From the sublime to the sump­tu­ous

The Weekend Australian - Travel - - DESTINATION AFLOAT -

Met­ro­pol­i­tan Tour­ing last month re­placed its vet­eran ves­sel Santa Cruz with Santa Cruz II, which had been cruis­ing the Chilean fjords as part of Cruceros Australis’s fleet. The jour­ney from Punta Are­nas in Chile to Guayaquil on Ecuador’s coast, where the ves­sel was re­fit­ted, was dra­matic.

“As we sailed off Chile, three times we had to turn around due to the weather and rough seas of the Southern Ocean. It was a chal­leng­ing voy­age. I re­mem­ber one time when the storm and wind made the ship turn 180 de­grees and high waves were seen in all di­rec­tions. This was the best test for a ves­sel,” says First Of­fi­cer Marco Mon­talvo.

By con­trast, the equa­to­rial wa­ters of the Gala­pa­gos were calm when the Santa Cruz and Santa Cruz II an­chored side-by-side near Cerro Ti­jere­tas (Frigate­bird Hill) on San Cris­to­bal Is­land on Oc­to­ber 10, their only of­fi­cial meet­ing in the Gala­pa­gos.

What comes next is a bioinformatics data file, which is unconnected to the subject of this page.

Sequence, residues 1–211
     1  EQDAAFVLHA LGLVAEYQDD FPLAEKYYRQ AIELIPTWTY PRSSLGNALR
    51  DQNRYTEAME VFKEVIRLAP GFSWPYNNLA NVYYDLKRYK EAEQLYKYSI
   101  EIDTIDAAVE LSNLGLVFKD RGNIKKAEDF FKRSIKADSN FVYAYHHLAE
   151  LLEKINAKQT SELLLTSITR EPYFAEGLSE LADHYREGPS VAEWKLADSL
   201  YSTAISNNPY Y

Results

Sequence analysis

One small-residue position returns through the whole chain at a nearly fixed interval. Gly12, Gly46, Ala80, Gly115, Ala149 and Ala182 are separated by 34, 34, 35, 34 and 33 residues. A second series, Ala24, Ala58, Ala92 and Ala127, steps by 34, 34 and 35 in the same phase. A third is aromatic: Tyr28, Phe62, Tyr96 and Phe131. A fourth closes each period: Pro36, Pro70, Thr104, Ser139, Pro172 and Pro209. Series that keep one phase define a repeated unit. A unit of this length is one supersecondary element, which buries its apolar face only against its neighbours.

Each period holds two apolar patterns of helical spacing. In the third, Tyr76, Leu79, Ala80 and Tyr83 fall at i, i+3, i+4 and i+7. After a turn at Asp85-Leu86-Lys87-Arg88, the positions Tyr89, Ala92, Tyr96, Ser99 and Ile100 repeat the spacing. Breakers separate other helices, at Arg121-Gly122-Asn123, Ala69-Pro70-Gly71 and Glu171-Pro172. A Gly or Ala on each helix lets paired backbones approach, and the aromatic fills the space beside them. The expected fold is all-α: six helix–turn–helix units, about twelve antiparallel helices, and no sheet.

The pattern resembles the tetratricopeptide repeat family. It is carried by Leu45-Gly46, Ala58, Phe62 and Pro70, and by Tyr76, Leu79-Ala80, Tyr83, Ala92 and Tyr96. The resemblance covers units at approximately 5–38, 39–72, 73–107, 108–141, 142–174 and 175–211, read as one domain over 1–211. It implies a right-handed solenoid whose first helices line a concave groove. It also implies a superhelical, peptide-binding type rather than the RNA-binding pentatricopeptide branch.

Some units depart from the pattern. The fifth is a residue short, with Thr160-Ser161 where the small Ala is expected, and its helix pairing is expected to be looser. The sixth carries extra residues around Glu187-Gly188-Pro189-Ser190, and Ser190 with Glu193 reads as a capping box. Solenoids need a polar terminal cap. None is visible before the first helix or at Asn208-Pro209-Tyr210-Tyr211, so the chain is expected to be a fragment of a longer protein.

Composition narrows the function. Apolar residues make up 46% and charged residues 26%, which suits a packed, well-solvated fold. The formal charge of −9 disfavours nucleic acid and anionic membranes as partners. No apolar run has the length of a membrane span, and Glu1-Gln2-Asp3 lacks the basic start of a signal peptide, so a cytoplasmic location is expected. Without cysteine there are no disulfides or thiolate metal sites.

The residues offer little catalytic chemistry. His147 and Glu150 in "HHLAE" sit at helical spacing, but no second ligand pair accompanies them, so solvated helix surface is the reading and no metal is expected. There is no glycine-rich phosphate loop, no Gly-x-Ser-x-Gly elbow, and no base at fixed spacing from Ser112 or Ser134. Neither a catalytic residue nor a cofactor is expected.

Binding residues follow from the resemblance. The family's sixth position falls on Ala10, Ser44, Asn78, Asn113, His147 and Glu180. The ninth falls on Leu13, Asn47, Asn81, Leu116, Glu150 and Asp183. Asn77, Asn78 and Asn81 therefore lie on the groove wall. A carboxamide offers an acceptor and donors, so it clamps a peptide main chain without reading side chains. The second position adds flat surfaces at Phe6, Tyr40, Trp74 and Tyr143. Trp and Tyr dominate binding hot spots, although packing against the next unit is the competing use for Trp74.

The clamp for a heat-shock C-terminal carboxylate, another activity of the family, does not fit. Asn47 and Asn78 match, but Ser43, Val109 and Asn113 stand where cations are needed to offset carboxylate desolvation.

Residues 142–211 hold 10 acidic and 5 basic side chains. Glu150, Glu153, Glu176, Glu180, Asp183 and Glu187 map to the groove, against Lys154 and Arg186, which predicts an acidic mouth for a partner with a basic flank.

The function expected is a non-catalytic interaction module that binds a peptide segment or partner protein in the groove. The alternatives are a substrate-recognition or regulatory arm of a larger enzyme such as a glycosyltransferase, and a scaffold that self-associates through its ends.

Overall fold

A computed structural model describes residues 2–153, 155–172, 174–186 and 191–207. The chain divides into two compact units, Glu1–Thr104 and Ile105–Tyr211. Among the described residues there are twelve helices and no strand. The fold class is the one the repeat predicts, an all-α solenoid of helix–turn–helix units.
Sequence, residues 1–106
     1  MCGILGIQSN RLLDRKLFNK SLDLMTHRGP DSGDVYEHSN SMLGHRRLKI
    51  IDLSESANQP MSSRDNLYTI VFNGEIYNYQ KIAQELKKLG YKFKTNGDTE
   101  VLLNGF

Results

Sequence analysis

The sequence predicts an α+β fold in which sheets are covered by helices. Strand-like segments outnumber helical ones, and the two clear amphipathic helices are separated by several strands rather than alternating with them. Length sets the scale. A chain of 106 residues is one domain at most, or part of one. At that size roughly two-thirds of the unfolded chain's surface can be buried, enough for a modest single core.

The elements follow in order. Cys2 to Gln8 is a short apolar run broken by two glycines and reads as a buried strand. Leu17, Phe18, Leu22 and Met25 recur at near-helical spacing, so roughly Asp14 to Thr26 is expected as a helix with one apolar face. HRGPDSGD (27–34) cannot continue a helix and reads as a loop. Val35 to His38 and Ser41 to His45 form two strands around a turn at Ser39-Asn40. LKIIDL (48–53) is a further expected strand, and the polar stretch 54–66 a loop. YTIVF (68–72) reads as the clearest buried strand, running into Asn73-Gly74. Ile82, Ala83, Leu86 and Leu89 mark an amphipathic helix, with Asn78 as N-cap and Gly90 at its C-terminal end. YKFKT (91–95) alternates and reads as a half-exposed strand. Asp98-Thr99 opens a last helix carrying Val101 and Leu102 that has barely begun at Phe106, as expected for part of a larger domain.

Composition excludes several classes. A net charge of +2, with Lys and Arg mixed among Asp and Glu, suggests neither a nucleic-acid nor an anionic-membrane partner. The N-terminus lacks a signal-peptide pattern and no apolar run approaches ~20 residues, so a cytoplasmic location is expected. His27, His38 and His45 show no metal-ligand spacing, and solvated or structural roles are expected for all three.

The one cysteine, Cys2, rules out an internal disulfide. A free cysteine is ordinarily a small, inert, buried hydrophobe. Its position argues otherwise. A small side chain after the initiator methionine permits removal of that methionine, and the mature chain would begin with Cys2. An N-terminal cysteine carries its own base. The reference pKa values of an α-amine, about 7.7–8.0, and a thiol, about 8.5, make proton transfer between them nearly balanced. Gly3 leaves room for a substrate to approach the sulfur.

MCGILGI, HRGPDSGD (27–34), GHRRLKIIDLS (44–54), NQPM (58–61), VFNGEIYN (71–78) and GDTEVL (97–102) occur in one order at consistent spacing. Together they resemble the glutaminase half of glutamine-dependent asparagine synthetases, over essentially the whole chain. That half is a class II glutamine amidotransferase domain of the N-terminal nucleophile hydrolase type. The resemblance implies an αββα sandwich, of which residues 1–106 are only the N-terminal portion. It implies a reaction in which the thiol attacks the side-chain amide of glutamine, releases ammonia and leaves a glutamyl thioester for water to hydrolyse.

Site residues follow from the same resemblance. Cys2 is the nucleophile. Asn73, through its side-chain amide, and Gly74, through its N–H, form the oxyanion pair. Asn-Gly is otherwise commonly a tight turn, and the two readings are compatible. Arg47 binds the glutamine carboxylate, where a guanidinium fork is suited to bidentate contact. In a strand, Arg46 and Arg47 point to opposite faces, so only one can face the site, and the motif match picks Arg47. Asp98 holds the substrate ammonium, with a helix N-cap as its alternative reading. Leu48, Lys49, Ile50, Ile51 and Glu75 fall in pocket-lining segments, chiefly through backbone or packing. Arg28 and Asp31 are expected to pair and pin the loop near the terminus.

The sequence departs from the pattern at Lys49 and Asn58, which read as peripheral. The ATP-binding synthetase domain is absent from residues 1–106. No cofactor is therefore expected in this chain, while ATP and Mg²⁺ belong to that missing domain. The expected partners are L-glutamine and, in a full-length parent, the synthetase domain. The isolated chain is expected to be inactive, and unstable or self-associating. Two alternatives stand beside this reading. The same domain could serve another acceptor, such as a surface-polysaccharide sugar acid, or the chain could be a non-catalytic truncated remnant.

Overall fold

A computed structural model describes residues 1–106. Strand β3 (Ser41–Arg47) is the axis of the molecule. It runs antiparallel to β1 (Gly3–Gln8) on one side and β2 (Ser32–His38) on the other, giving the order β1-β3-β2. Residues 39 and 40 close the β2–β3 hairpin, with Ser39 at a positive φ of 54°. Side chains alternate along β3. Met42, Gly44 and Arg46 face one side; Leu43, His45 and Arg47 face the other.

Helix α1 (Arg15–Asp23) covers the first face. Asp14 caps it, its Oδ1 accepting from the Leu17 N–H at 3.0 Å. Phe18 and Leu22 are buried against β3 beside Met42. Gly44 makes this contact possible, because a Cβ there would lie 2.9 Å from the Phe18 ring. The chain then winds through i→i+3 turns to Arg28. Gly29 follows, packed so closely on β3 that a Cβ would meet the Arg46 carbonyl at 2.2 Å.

Met­ro­pol­i­tan Tour­ing has spent $17 mil­lion buy­ing and fit­ting-out its new ves­sel, which fea­tures five decks (its pre­de­ces­sor had four) and 50 cab­ins ac­com­mo­dat­ing up to 90 pas­sen­gers.

The Swedish-de­signed sin­gle, dou­ble and triple cab­ins fea­ture large pic­ture win­dows; the three top-tier Dar­win Suites have dou­ble pic­ture win­dows and lit­tle ex­tras such as L’Oc­c­i­tane bath­room ameni­ties. The ship also car­ries kayaks, in ad­di­tion to pan­gas and a glass­bot­tomed boat.

Santa Cruz II is among the largest ex­pe­di­tion ships cruis­ing the archipelago; many of the re­gion’s 96 reg­is­tered ves­sels carry 16 or fewer pas­sen­gers.

The ad­van­tage of a big­ger ves­sel is that it can adapt its mix of naturalists to cater for dif­fer­ent lan­guage groups (the Santa Cruz was once called the “United Na­tions” of Gala­pa­gos ships); it also car­ries a doc­tor.

KA­T­RINA LOB­LEY

A seal greets visi­tors land­ing on the red-sand is­land of Rabida

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